An Aviary of Small Birds – Karen McCarthy Woolf


Karen McCarthy Woolf’s debut An Aviary of Small Birds (Carcanet, 2014) is a tour de force. It explores and tackles the trauma of giving birth to a stillborn son, and traces the reverberations of loss that follow. This collection is arresting and unapologetically raw.

It begins with ‘The Undertaker’ which is carefully paced, breath by breath. The lines, though short, are not curt; they capture each moment, from the simplest but significant detail of the ‘white gloves’. The poem is constructed of three stanzas of three lines each. Each line rhymes with the others in the same stanzas but the rhyme is subtle. This keeps the emotion under control while maintaining a forward momentum.

‘I am trapped in a room where my baby dies’, begins ‘My Limbs Beat Against the Glass’. It is a statement so harrowing, there could be no response. This mode of concentrated, steel-eyed accounts of trauma is adopted by many poems within An Aviary of Small Birds. As the poem progresses however, Woolf resorts to more conventionally poetic metaphors. When the speaker describes herself ‘like a moth battering a paper lantern’, we could ask where is the moth battering? Is it from within the lantern? Or from the outside, as we would expect from a moth in search of a flame? If the moth is inside this would be consistent with the speaker’s sense of being ‘trapped’ and with the desire to ‘fight my way out’ but moths move toward fire. She is pinned ‘to a felt-backed board’ as if dead, but she is alive. The paradoxes of actions taken by dead things, and the subversion of the natural behaviour of moths creates confusion. This is at odds with the terse expression with which the poem begins.

In ‘Morbleu’ trauma is represented through the disruption of form. Words are pulled across the page and punctuated only with em dashes, suggesting a slurring of emotion. The centre of the poem

—we haven’t got—
a heart         beat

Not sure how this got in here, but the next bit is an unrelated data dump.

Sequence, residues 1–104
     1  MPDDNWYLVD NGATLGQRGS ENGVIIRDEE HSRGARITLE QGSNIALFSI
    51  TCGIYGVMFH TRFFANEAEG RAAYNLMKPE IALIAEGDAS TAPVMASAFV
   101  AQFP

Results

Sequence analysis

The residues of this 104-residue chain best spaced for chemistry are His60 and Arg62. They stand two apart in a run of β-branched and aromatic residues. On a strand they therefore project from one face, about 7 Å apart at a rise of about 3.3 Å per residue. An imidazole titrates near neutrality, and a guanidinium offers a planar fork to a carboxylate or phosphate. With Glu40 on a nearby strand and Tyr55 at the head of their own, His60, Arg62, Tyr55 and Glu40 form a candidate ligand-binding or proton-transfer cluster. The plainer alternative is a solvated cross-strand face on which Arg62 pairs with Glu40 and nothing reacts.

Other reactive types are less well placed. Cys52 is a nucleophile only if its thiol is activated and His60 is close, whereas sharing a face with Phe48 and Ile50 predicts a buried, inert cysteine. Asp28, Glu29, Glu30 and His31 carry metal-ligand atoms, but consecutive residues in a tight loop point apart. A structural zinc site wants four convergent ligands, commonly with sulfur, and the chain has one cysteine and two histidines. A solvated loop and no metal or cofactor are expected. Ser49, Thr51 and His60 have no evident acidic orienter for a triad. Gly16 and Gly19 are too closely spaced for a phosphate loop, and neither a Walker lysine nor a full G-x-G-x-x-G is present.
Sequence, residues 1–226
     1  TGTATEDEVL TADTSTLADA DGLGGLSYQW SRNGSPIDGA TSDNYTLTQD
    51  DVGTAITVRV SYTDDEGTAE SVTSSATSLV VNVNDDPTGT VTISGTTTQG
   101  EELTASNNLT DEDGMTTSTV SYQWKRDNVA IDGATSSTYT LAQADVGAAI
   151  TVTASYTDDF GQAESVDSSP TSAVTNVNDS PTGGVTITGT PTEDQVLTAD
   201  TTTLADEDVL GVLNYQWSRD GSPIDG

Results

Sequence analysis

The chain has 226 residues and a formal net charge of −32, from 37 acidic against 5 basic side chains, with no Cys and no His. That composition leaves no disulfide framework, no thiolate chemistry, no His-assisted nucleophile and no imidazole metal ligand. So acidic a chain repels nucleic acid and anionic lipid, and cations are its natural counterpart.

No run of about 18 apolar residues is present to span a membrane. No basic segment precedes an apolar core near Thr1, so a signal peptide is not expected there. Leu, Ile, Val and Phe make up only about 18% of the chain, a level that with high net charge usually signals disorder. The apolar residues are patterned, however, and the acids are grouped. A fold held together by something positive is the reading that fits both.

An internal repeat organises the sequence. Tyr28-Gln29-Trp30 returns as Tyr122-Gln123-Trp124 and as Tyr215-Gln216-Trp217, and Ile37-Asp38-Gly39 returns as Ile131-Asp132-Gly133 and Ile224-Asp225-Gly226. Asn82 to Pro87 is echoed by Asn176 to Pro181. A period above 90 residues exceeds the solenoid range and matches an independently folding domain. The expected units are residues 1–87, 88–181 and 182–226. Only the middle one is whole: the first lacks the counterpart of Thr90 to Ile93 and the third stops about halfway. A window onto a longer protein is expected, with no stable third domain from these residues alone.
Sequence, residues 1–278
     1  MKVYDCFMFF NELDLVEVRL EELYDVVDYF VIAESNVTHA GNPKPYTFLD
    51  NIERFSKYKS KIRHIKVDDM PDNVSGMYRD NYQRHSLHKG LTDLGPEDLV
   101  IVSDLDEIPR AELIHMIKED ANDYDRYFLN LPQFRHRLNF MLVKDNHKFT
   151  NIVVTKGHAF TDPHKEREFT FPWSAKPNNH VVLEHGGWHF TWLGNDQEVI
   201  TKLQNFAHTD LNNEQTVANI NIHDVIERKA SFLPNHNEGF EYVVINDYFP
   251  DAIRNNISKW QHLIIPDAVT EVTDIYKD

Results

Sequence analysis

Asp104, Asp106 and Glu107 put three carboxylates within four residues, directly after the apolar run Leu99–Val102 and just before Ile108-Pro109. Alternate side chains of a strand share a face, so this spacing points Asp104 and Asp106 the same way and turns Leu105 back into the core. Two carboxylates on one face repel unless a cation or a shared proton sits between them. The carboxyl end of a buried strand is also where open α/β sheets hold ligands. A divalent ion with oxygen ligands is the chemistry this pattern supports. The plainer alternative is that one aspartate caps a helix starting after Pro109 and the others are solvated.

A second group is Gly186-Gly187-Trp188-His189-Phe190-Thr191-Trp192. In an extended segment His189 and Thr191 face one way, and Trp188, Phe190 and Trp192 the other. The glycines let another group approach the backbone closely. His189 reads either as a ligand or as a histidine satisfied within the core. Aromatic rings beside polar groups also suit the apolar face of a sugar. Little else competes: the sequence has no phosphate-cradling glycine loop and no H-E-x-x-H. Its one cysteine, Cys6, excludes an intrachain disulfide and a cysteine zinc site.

separates each unit of sense. The weight of all they haven’t got is both highlighted and constricted, restrained by the em dashes. The blank space between heart and beat contains a world of lost possibilities.

Other experimental poems in the volume feel their way around innovations in form as trauma is explored. The list poem ‘The Museum of Best Laid Plans’ is an ordering of what may seem otherwise mundane items if it weren’t for the tragedy that has come since their acquisition. The last lines, even though we know they are coming, are a sucker punch: ‘W Uden & Sons Ltd, Funeral Directors, labelled Infant:/Locks of Hair.’

The most striking poem in the collection is ‘Mort-Dieu’. Both beautiful and horrifying, it asks a question which is at once simple and complex. That binary is ripped apart by two word lines and the pain is practically palpable. ‘He was/born still’ has two opposing meanings. The speaker’s son did die, but he was born. In ‘Mort-Dieu’ his birth is almost an act of defiance.

‘White Butterflies’ consolidates the motif of white as death that is first raised with the undertaker’s white gloves. White is all-consuming in its blankness. What is most painful is the absence: the absence of Woolf’s son, the absence of his future, the extinguishing of his potential. In the poem the natural world is oppressed: ‘on the artichoke spikes/in the walled garden.’ Humans have contained nature, but the butterflies (here a symbol for death) can come and go as they please. The last line, in its understatement, is devastating: ‘Your tiny white vests, unworn.’ The later poem ‘Reasons to fear butterflies’ is an excellent compliment to this poem, allowing the white butterflies of the former to take on a second, more explicitly dark meaning. It offers the reader another window in, and further demonstrates how well these poems are suited to the format of the collection.

There are certain poems within the volume with first lines so disarming, that the rest of the poem almost can’t live up to them. ‘Yellow Logic’ begins ‘Was it because I should have’, a line which in the context of the rest of the volume takes on a greater significance than it could muster if read alone. The fantasy scene that follows is poignant but the emotional impact has already been made. Perhaps in a volume which deals with aftermath this is fitting. Poems like these are almost victim to Woolf’s bluntness, which is elsewhere her virtue.

In ‘Missing’ too, the first line summarises an immeasurable pain: ‘Every day I wake up and remember’. In lines that follow however, the sense of loss is so concrete you almost feel guilty for bearing witness to it:

In the photo your eyes are closed
and you don’t look like anything any more
but you never know

In ‘The Paperwork’ Woolf’s expression ‘they’ll sew your little tummy up’ exemplifies a heart-breaking motherly touch, speaking to her son. It is as if through the poetry she wonders how she can be a good mother to a child who never lived.

An Aviary of Small Birds is accessible, clear, brutal, and beautiful. Woolf’s talent is complimented by her strength, both evidenced by the collection. There are poems included which are more forgettable than the likes of ‘Mort-Dieu’, but the latter are impactful by virtue of their context in this accomplished collection. An Aviary of Small Birds demonstrates the unrelenting power of poetry in finding expression for darkest of human experience.

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